art for everyone. every monday morning.
Vanity and Time.jpg

Gary Erbe • American: B: 1944

Vanity and TimeOil on Canvas 30” x 40”

At age 21, Gary Erbe didn’t know enough about art to know he wasn’t an artist . After only three months of self-instruction, he quit his $10 a day job as a construction laborer and set out to become a great artist. Three months later the money ran out and Erbe found himself asking for his old job back. This was perhaps the most predictable thing that ever happened in Erbe’s life.

Who would’ve predicted a 16 year old high school dropout, abandoned by his mother would someday have his work featured in leading art galleries and museums. In 1960 he was unwanted, uneducated, unnoticed, and indefatigable.

He began teaching himself to paint. Not in a paint-by-numbers sort of way, but rather by carefully looking at famous paintings and trying to figure out how to create great art. He was taken with the Trompe L’Oeil (fool the eye) artists of the late 19th century. Building on their hyper-realistic vision he developed his own style, naming it Levitational Realism because objects seemed to float over abstract backgrounds.  

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Talk to Gary Erbe, today, and you’ll hear a rapid-fire string of fascinating life-stories told in a broad Jersey accent. The time he survived “the one week endurance test for artists” and sold his first major work in the 11th hour of the final 11 hour day. The time he turned down $1 million for future work because he didn’t want to lose creative control. The one about taking his paintings out of a seedy Soho gallery because he felt he belonged on Madison Avenue.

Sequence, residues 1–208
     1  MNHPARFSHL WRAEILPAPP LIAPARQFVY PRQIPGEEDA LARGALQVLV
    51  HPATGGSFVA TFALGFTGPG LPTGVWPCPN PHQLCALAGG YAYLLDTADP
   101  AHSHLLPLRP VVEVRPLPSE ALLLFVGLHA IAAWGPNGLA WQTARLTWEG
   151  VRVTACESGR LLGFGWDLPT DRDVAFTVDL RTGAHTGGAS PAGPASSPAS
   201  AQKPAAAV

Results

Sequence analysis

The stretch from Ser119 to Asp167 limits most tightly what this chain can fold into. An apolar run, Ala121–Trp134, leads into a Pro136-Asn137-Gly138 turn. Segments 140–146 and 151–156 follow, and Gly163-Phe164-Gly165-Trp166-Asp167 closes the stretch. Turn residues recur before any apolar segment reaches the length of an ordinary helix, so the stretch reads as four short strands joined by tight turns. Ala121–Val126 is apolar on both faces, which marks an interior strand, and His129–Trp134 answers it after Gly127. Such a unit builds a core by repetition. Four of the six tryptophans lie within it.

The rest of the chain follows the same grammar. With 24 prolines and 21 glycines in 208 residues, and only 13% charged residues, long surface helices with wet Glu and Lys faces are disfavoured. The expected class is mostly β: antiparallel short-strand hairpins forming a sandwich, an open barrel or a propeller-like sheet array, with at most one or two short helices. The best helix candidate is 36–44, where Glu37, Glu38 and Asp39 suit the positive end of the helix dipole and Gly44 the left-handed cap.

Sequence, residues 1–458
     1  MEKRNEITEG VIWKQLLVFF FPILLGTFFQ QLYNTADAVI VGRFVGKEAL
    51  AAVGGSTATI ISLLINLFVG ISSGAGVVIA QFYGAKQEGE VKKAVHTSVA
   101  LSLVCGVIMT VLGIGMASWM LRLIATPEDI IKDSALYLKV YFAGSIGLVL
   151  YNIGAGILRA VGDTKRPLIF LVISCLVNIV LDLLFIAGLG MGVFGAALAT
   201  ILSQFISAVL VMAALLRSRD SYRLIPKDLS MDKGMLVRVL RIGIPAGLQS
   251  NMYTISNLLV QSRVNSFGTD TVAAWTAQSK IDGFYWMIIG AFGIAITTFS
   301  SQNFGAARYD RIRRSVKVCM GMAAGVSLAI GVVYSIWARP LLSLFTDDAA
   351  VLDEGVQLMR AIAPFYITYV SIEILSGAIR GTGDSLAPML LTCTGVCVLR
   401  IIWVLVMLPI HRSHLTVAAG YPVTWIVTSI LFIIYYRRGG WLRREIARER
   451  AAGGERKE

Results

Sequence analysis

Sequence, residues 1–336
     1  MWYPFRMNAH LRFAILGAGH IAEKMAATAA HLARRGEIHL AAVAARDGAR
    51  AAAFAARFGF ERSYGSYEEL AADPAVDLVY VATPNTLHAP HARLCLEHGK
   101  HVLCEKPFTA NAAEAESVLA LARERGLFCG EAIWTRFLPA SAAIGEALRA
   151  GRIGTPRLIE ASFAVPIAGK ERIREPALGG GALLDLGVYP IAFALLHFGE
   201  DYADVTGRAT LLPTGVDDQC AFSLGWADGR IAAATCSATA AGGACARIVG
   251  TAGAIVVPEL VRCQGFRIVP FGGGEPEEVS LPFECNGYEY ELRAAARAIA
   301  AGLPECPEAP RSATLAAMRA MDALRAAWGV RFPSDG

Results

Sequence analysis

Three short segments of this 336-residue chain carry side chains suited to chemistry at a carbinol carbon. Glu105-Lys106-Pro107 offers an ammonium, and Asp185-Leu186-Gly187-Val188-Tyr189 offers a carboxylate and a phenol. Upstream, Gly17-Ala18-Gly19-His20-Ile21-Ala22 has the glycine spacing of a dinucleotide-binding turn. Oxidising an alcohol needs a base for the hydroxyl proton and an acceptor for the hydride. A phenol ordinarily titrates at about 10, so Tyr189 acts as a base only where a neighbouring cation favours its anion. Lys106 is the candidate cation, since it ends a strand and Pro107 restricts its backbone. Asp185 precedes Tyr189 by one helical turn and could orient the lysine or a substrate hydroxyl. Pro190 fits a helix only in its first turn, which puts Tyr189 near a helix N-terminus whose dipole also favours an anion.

But, every story is really about a scared 16 year old kid alone in a small furnished room who grew up to become a famous artist without ever taking an art lesson. A man determined to be noticed, respected and live life on his terms. He created frames to control how his paintings were shown and left galleries to gain more control over his art. He lived large in Manhattan and boomeranged back to Jersey where he now lives in an 1840s house on a street known as “Artists Row.” 

Now, after a half century as a self-taught artist, the rest of the world believes what Gary Erbe always knew … he belongs on “Artists Row.” 

Canton Museum of Art Permanent Collection • Gift of Gary T. Erbe in Memory of Muriel Koestler, 2012.14


4 Ways to Sound Smart When Viewing at The Canton Museum of Art

“Gary Erbe’s mother abandoned him at 16. He worked at a string of $10 a day jobs and taught himself how to paint.”

“He coined the term ‘Levitational Realism’ to describe his unique painting style that bridges Realism and modern art styles, including Abstract Expressionism and Cubism.”

“He only paints 2-3 pieces a year because he spends so much time constructing models by precisely arranging objects to his liking.”

“Erbe once turned down a million dollars for future work because he wanted to maintain creative control. That’s how you know you’ve made it.”


Erbe Timeline. Scroll over images to see timeline.